Would you rather send your children to a “gun-free zone” school or one where teachers are fully prepared and trained to stop a shooter intent on murdering everybody in the building?
Parents in some Florida counties won’t have to worry about gun-free zones, where the murderer is the only person with a gun until the cops arrive. The state has begun arming teachers to protect children. Fox 32 Chicago reported that seven school districts will allow teachers to carry concealed on school grounds. An excerpt (emphasis added):
The law expands on a safety measure known as the “guardian” program. The program was created in response to the February 2018 Parkland massacre but did not allow teachers to carry guns, in part due to the recommendation of former Gov. Rick Scott. Under the original law, guardians were either non-instructional personnel who volunteered, or employees–such as school resource officers– hired specifically to protect students.
“That initial program [said] everybody except classroom teachers … could be armed. With the recent legislation, our board approved to train classroom teachers to be able to further protect our students,” said Dylan Tedders, the assistant superintendent of Okeechobee County.
A state lawmaker criticized the program, calling it “absolutely asinine,” “counterproductive,” “dumb,” and “backwards.”
But this is what a parent with children in government schools in Florida had to say:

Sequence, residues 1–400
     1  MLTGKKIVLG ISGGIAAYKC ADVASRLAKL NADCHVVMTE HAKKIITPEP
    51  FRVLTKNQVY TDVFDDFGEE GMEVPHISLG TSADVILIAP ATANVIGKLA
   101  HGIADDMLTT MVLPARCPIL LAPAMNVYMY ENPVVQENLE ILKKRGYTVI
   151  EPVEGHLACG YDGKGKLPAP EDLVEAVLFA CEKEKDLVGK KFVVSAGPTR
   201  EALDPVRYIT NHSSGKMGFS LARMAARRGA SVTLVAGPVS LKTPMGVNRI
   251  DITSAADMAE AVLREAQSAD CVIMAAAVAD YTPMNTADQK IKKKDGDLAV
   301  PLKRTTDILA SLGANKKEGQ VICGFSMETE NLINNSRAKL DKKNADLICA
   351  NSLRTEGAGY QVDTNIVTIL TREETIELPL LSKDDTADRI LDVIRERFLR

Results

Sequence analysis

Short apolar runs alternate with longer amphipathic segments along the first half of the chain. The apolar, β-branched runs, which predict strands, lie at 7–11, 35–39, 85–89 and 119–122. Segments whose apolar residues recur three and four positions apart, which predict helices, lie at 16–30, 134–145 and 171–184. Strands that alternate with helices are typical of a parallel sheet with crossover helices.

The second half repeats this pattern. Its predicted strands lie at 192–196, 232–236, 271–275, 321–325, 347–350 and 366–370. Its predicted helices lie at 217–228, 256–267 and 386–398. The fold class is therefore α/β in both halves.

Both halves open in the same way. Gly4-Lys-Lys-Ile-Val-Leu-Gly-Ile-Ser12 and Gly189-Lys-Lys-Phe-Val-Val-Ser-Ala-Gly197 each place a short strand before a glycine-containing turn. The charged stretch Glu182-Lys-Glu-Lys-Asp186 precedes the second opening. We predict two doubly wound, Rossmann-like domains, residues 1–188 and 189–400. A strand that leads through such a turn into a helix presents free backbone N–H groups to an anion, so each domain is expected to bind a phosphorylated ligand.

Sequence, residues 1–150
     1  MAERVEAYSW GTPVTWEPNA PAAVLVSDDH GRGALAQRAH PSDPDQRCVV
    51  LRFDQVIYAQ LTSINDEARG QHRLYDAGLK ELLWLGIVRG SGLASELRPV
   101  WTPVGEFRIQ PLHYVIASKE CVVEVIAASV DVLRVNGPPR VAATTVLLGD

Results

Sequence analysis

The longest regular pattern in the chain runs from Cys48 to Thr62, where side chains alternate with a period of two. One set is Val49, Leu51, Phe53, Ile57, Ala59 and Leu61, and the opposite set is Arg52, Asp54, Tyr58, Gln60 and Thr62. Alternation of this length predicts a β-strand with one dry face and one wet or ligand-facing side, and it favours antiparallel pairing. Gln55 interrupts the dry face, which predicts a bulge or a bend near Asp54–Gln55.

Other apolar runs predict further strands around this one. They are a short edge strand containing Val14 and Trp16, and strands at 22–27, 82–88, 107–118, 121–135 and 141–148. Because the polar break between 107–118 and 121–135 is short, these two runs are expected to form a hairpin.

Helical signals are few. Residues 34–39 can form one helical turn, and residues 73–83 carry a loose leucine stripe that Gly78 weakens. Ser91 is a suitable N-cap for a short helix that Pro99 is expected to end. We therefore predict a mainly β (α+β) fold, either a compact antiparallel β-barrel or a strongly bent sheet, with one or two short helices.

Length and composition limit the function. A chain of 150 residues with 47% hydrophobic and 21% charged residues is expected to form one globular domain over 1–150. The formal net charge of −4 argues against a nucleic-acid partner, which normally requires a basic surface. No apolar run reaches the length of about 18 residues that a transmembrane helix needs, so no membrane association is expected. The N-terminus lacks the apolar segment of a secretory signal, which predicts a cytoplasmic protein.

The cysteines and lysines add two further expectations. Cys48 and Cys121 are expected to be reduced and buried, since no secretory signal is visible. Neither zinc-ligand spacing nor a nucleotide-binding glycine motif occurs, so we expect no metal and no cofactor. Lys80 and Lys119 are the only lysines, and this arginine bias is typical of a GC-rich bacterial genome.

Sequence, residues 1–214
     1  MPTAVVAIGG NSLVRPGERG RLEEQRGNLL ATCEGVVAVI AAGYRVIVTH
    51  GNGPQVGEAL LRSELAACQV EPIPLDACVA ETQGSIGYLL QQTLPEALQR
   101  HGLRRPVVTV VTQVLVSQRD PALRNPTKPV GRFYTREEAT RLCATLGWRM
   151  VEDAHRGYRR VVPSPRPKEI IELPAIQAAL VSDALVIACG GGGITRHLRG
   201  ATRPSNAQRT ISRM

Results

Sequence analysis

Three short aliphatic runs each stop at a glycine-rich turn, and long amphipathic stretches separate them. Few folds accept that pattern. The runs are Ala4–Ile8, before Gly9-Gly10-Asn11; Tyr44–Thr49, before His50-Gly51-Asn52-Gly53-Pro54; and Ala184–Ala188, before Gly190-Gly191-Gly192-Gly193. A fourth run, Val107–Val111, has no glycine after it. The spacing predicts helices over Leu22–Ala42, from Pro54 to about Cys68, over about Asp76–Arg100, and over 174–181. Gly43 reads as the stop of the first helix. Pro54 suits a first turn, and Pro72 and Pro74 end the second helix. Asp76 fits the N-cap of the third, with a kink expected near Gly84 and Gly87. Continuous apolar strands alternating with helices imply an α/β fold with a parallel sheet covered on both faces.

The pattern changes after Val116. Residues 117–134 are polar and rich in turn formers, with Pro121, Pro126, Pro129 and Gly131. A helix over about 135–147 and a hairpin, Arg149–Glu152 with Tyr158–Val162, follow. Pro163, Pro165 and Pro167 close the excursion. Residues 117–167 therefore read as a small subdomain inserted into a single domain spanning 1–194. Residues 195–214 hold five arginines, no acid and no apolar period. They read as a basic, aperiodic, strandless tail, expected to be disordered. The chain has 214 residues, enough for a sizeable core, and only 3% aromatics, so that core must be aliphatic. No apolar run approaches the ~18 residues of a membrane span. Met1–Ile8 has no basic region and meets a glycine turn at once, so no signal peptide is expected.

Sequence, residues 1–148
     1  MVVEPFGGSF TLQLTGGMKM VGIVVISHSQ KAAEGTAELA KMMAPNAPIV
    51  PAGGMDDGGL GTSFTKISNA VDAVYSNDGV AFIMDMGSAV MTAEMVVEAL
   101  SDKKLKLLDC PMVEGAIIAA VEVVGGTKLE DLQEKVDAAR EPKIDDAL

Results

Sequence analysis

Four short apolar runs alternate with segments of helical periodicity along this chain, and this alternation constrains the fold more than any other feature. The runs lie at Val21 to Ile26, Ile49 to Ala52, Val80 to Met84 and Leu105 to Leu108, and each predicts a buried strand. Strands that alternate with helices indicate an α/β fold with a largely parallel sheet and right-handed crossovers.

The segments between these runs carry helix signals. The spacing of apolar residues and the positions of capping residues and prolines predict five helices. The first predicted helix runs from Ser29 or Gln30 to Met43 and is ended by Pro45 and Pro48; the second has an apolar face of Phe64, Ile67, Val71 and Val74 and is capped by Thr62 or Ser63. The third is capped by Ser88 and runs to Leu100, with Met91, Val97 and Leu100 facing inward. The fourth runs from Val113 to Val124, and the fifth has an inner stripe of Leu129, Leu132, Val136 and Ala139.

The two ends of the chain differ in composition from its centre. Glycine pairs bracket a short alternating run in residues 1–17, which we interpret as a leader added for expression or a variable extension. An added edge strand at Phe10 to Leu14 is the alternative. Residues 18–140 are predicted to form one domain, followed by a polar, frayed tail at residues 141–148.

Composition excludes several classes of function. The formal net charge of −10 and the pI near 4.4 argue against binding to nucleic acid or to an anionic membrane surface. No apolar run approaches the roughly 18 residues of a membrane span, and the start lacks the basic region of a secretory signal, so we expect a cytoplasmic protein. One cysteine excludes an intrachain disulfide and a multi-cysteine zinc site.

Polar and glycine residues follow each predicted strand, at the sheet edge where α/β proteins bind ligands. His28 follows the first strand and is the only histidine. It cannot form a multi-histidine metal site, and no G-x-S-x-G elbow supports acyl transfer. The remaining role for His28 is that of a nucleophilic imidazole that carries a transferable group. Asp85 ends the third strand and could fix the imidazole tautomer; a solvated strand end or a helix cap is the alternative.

“If all else fails and my child is sitting in a classroom with some psycho coming through that door, I want my child behind that teacher, and I want that teacher equipped to do something to help themselves, which is also going to help my child,” said Adam Cohen, whose two kids are enrolled in Okeechobee County schools. The family moved to Okeechobee from Parkland after the 2018 Parkland Massacre. Cohen’s daughter, now in the ninth grade, was enrolled in Parkland’s middle school at the time.
From Andrew Pollack, whose daughter was murdered in Parkland:
“You’ve seen multiple mass shootings stopped by people that saw something, said something and then they saw someone actually did something, not like in Parkland — where no one did anything and that it was these failures and these policies that are in the schools or across the nation,” Pollack said.
It’s not mandatory that teachers be armed. They may volunteer for the program.